Alumni Relations Best Practices: Disgruntled Alumni?

Alumni Relations Best Practices: Disgruntled Alumni?

Unhappy customers are bad for business, every business. If Graduates are unhappy after college, that makes unhappy customers.

In the education world, there appears to be a proportion of customers (i.e. alumni) who are not satisfied with their purchase. And the scary thing about unhappy customers is that they can shout very loudly.

Nicole Matejic shouted very loudly this week in her intriguing blog that shone a light right into the heart of the education world. Her blog entitled an ‘’Open letter to the Vice Chancellor of the University of New England’’ is well worth a read if you have not yet had the chance to do so.

In this open letter Nicole described what she felt when being solicited for money from an institution that she had not been in touch with for almost a decade.

Nicole was clearly unhappy with her school’s approach. Whether in her individual circumstances she was justified to feel the way she did or not, and whether the blog was the right medium or not to raise the issue are interesting points, but not ones that I want to pass judgment on here.

Rather, I would like to focus on the sizeable reaction to the blog.

When you read through the 60+ comments to her blog, you can see that opinion among alumni seems clearly divided on the virtue of giving money to your alma mater.

To quote two comments on Nicole’s blog that seemed to epitomize the divided opinion;

1. I think your letter is unfair. It is not unreasonable to ask graduates for funds every now and then, given that you benefited enormously from your education.

versus

2. I’m not giving my old uni a cent! They ripped us off when we were there and have the nerve to ask for more money!!

What is clear is that there does appear to be a significant percentage of alumni that feel something close to sentiment (2.) How many alumni feel like that is impossible to tell and will vary by country and type of institution. But even if just a small minority, wouldn’t schools be foolish to ignore them and risk the damaging noise of disgruntled customers?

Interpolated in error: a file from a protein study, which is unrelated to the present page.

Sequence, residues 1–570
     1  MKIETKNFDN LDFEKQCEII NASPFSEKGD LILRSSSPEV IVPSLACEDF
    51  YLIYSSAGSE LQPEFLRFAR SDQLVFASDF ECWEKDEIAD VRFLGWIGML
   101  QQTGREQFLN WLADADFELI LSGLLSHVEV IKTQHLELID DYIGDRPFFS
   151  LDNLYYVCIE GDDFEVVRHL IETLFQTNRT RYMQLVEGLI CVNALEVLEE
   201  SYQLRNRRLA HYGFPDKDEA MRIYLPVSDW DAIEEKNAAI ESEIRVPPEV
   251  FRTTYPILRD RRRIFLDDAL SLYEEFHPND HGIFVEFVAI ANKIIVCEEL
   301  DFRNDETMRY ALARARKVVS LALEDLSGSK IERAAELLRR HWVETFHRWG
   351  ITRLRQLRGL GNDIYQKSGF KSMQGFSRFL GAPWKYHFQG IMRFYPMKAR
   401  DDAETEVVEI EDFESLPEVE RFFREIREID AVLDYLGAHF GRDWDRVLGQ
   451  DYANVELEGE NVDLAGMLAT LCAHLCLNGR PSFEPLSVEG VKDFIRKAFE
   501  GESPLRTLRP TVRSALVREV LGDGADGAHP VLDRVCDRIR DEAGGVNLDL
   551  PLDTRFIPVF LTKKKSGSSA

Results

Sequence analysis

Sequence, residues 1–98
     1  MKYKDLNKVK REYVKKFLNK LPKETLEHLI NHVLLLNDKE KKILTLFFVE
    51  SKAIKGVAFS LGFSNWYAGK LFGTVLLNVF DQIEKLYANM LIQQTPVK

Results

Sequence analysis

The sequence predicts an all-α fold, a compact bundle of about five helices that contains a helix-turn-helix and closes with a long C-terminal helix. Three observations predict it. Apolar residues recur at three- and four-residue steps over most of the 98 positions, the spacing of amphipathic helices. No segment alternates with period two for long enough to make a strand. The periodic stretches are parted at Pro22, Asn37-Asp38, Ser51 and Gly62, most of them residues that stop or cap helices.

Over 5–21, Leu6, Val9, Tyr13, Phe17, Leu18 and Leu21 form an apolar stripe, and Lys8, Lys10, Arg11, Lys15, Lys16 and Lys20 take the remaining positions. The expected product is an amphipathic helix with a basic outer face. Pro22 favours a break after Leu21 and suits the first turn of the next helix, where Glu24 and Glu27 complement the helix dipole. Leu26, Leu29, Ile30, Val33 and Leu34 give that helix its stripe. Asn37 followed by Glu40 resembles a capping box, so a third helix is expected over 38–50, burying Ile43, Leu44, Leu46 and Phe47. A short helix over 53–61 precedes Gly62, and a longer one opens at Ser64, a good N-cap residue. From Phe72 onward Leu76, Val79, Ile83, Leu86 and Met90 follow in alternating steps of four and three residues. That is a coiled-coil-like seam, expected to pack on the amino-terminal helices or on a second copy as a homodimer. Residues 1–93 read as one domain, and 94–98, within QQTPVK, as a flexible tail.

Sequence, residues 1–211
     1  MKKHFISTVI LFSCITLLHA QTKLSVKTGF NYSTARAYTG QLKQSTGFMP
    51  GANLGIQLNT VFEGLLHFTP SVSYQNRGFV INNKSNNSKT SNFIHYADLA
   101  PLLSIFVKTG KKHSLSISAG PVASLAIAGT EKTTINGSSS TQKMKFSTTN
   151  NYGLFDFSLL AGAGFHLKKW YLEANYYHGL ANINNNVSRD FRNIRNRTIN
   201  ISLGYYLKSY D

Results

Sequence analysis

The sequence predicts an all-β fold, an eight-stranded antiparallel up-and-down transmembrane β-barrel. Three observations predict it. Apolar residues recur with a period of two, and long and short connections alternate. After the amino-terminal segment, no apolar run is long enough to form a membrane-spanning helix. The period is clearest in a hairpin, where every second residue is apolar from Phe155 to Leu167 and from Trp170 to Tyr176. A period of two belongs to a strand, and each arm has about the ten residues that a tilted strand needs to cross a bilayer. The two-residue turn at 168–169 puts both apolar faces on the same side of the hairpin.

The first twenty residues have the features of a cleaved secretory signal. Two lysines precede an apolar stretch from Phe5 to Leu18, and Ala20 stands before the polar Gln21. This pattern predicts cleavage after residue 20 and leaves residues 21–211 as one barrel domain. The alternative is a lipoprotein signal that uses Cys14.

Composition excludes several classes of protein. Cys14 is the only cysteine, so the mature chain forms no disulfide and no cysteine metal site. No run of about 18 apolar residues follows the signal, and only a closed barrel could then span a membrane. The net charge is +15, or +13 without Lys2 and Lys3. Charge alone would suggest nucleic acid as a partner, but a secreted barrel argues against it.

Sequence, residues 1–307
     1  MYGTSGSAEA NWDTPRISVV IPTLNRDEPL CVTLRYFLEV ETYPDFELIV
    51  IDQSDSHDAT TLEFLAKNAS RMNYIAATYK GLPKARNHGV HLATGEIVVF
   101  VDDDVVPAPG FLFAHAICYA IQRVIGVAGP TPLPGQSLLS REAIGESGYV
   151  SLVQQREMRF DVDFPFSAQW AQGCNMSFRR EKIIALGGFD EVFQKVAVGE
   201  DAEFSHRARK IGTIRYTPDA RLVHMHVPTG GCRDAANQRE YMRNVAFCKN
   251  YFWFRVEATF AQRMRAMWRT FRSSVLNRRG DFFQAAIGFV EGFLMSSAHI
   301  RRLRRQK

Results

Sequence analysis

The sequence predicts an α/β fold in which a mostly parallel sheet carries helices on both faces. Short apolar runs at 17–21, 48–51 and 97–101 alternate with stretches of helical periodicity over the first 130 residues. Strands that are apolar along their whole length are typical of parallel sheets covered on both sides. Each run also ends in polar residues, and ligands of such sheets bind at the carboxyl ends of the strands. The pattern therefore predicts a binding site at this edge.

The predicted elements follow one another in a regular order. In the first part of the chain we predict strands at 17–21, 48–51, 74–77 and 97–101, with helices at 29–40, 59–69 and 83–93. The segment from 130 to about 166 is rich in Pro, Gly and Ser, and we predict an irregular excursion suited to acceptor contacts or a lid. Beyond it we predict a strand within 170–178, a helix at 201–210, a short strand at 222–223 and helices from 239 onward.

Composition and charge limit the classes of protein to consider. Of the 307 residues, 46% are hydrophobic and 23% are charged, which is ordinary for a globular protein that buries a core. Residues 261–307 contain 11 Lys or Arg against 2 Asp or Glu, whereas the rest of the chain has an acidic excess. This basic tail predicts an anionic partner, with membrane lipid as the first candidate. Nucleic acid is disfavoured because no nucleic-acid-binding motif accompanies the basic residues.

So why do some alumni feel so let down and unhappy after college and critically, what can schools do to make the situation better?

Well my hypothesis is that there is one major cause for this alumni discontent. The problem rests on the fact that alumni appear no longer to see as positive return on their investment (in pure career terms) as was once expected. In fairness this could be due to unrealistic expectations in the first place and also a changing employment market.

However it may also be due to the fact that schools in general are not doing enough to assist their graduates and alumni in progressing in their chosen career – in particular not providing alumni career services. For example how well are schools facilitating alumni mentoring, alumni networking within specific professional affinities, or providing access to real employment opportunities? It may also be that schools are doing these things but not communicating them loudly or clearly enough.

Alumni relations best practices suggest both better communication of their value, and also critically do a better job in providing their graduates with tangible day to day value in their careers.

Offer real life-long value to alumni and I believe letters like these will be a thing of the past.

Do you agree that schools need to improve the value they offer their alumni and engaging their alumni generally?

Are there other causes and solutions to alumni discontent and those graduates who are unhappy after college? What % of alumni do you think have this level of discontent?

And finally, what do you think alumni relations best practices are in situations like this?

I would welcome your thoughts.

Click here to read an excellent article on The Case for Mentoring.

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